1970's california

Chris Colt
[1976]

In the 1960s and the early 1970s, the California Hell’s Angels were a team that everyone wanted a piece of. Burning an American flag on live television for the first time in pro wrestling history, the team became a hated duo, but the arena was sold out the following weekend. Even though the wrestling program was taken off the air for the stunt, the arenas continued to be packed every week, and the California Hell’s Angels were at the top of the card almost every night.

Following a lengthy run as one half of the California Hell’s Angels, Chris Colt’s appearance changed significantly. Colt’s former tag team partner Ron Dupree was also his partner in life, so when he passed in 1975, Colt’s entire world changed, and not for the better. Colt began to suffer from depression and started using drugs heavily, which at the time, wasn’t so shocking in the world of pro wrestling. Colt began painting around his eyes like rocker Alice Cooper, and called his aura “The Chris Colt Experience”, becoming one of the first wrestlers to introduce the glam rock lifestyle into pro wrestling. According to wrestler “Flying” Bill Anderson, “He idolized Janis Joplin…and Joe Cocker. Those were his people. He lived every day like this could be his last. He would’ve been the happiest guy on Earth to choke on his vomit just like Janis did, because that’s the way he lived his life.

Despite his shocking demeanor and obvious issues, some of Colt’s best work in the ring was done as a singles wrestler, according to many of his peers. In 1986, Colt retired from professional wrestling as Chris Von Colt, a Nazi wrestler who wasn’t welcome pretty much anywhere, but could draw heat like no other. In 1996, Chris Colt died from AIDS.

California Hell’s Angels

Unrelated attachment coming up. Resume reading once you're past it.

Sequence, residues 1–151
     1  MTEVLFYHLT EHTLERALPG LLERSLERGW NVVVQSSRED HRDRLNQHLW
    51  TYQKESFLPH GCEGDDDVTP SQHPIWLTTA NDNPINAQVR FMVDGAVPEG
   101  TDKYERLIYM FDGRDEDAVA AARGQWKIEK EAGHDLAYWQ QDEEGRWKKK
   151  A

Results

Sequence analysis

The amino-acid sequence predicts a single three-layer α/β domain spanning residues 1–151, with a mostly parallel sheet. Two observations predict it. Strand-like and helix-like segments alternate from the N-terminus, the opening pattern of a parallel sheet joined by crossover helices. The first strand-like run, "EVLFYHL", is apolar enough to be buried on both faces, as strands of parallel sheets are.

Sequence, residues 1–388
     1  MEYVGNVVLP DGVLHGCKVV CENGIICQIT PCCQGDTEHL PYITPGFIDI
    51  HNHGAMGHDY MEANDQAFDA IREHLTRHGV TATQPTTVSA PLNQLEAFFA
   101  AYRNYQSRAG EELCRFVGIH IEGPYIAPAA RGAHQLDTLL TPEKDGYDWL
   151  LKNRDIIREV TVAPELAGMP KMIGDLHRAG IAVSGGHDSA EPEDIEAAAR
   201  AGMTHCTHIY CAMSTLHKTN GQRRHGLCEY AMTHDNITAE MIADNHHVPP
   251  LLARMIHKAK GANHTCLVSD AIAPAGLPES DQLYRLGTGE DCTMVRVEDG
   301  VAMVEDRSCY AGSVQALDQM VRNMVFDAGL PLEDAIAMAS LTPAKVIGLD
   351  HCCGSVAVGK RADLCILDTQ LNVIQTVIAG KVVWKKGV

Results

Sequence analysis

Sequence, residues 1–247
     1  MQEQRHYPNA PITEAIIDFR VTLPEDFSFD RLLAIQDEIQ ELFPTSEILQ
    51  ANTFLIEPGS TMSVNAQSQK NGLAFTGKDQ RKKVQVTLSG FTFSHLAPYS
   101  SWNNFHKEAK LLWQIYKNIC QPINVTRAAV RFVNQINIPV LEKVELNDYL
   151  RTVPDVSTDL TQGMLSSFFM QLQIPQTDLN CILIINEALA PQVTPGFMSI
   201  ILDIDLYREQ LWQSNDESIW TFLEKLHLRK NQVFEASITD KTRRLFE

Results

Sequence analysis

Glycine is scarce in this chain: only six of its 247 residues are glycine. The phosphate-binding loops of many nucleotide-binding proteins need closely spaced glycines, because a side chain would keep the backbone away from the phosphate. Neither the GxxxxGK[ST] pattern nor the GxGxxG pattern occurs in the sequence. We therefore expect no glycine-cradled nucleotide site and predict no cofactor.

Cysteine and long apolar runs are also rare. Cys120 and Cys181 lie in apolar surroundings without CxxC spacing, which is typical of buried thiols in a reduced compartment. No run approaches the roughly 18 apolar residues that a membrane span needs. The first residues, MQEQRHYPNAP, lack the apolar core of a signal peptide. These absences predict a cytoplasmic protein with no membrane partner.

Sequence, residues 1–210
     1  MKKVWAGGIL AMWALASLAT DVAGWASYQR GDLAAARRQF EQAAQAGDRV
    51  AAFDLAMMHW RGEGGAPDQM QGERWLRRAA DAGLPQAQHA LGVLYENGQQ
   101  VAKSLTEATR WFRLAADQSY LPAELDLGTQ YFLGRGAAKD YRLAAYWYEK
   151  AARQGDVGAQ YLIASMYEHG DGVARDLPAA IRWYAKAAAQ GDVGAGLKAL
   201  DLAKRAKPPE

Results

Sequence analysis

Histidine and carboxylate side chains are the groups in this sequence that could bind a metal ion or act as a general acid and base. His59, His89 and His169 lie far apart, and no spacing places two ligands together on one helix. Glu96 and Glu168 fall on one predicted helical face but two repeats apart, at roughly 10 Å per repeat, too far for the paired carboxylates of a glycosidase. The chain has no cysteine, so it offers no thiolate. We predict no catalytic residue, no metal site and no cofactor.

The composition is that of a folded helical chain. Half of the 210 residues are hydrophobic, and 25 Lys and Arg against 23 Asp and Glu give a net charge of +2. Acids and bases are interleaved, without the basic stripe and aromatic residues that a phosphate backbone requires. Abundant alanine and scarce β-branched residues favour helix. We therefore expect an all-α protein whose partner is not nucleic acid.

[1974]

A duo known by many names, the team of Ron Dupree and Chris Colt are one whose story will paralyze some. Dupree (left) began wrestling as Golden Boy Dupree, but didn’t find much success until he began teaming with Chuck Harris. Harris changed his last name to match Ron’s, and the two began teaming as either the Dupree Brothers or the Golden Boys, a pair of brothers who wrestled in the South and Midwest where their look wasn’t exactly welcome. Onscreen, they were despised heels during the late 1960s, but offscreen, they weren’t welcome just about anywhere, as the two had began dating.

When the Dupree Brothers made their way to Detroit, they changed their appearance to resemble bikers and called themselves California Hell’s Angels, with Chuck renaming himself Chris Colt. From Detroit to the midwest, the duo became a successful team, working as brawlers rather than wrestlers and making fans believe they weren’t wrestlers, but rather actual bikers who just so happened to be hired. However, when one of the two were shot by an upset biker gang, they changed their name to the Chain Gang and started portraying hippies rather than bikers. The team traveled to Arizona where they became known as Los Comancheros, which was a callback to a John Wayne film from 1961. In Arizona, the team stayed on top, typically doing brawling-style matches where at least one of the four men in the match would be bleeding before the final bell. Dupree was the promo guy, with a core-shaking voice, while Colt was the mat guy who could twist you around before tagging out so Ron could slug you.

Sadly, in the early 1970s, Dupree suffered a heart attack that ended his in-ring career. He began working as Colt’s manager, but before long, a second heart attack in 1975 took his life as he was ring announcing. After Ron’s death, Chris began to spiral out of control, as depression and drug abuse took over his life. By the mid-1980s, he had joined the world of gay porn, clearly having left professional wrestling and cutting ties with everyone he once ruled the roads with. In 1996, a born again Christian, Chris Colt died in 1996 from the AIDS virus. Many of Colt’s peers would claim that he was one of the greatest wrestlers who ever laced a pair of boots.

Chris Colt was probably the greatest wrestler that never made it. A lot of people don’t know who he was. He never ceased to amaze me with his imagination in the ring. He was an innovator. He was ahead of his time.” - Lanny Poffo